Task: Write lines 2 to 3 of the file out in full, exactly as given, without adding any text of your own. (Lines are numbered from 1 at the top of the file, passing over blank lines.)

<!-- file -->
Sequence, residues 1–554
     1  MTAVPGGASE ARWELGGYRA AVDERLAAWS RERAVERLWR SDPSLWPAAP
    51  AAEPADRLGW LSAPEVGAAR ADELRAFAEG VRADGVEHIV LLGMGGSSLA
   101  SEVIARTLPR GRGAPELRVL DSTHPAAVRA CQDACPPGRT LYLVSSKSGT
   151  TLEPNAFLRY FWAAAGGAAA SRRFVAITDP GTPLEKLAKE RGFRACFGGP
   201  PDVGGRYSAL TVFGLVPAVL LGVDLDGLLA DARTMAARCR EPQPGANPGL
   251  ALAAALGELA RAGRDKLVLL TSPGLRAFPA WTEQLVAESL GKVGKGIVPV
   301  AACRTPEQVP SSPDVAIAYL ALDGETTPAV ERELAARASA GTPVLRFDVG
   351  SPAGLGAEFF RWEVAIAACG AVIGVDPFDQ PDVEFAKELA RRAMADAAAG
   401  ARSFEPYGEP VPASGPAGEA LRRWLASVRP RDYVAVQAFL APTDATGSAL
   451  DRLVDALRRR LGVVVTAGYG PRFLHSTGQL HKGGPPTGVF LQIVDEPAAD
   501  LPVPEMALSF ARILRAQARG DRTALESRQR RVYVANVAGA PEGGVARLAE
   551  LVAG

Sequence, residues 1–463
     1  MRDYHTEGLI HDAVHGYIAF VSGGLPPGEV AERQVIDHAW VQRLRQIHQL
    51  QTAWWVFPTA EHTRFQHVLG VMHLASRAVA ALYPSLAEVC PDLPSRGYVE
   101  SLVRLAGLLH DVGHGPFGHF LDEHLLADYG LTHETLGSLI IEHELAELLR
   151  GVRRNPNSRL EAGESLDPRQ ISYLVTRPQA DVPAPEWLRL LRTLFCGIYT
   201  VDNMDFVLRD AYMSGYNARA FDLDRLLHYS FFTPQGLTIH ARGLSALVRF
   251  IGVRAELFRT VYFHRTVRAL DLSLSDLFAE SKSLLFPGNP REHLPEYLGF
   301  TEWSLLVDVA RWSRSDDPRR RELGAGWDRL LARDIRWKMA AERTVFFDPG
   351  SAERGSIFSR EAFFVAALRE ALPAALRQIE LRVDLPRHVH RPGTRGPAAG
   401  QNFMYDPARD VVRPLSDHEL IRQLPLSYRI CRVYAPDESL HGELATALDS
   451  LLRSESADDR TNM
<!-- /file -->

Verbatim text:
     1  MTAVPGGASE ARWELGGYRA AVDERLAAWS RERAVERLWR SDPSLWPAAP
    51  AAEPADRLGW LSAPEVGAAR ADELRAFAEG VRADGVEHIV LLGMGGSSLA